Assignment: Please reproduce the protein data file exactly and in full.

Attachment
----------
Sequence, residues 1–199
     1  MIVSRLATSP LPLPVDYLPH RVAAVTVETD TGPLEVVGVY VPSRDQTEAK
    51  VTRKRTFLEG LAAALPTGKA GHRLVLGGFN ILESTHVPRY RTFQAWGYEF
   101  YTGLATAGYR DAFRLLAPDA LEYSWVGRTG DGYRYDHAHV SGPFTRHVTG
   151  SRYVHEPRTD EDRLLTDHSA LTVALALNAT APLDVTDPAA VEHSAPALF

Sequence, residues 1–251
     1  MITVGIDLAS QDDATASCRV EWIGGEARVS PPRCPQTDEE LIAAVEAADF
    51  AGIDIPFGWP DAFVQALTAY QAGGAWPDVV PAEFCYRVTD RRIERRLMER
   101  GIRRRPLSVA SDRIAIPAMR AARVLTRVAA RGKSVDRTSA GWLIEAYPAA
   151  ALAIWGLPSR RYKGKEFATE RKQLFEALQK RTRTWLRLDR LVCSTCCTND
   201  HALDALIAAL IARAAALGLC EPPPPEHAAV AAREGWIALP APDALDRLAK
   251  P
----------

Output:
Sequence, residues 1–199
     1  MIVSRLATSP LPLPVDYLPH RVAAVTVETD TGPLEVVGVY VPSRDQTEAK
    51  VTRKRTFLEG LAAALPTGKA GHRLVLGGFN ILESTHVPRY RTFQAWGYEF
   101  YTGLATAGYR DAFRLLAPDA LEYSWVGRTG DGYRYDHAHV SGPFTRHVTG
   151  SRYVHEPRTD EDRLLTDHSA LTVALALNAT APLDVTDPAA VEHSAPALF

Sequence, residues 1–251
     1  MITVGIDLAS QDDATASCRV EWIGGEARVS PPRCPQTDEE LIAAVEAADF
    51  AGIDIPFGWP DAFVQALTAY QAGGAWPDVV PAEFCYRVTD RRIERRLMER
   101  GIRRRPLSVA SDRIAIPAMR AARVLTRVAA RGKSVDRTSA GWLIEAYPAA
   151  ALAIWGLPSR RYKGKEFATE RKQLFEALQK RTRTWLRLDR LVCSTCCTND
   201  HALDALIAAL IARAAALGLC EPPPPEHAAV AAREGWIALP APDALDRLAK
   251  P